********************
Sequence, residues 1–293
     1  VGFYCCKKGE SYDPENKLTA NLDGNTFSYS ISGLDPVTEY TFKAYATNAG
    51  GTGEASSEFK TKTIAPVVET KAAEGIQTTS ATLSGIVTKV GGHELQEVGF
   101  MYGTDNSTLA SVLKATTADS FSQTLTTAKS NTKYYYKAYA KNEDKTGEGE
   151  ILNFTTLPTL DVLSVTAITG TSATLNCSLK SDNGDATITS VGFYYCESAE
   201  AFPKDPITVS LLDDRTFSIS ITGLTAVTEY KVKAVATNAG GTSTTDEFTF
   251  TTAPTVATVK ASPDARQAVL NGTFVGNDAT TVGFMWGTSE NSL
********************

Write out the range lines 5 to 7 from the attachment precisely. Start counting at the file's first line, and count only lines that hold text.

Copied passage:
   151  ILNFTTLPTL DVLSVTAITG TSATLNCSLK SDNGDATITS VGFYYCESAE
   201  AFPKDPITVS LLDDRTFSIS ITGLTAVTEY KVKAVATNAG GTSTTDEFTF
   251  TTAPTVATVK ASPDARQAVL NGTFVGNDAT TVGFMWGTSE NSL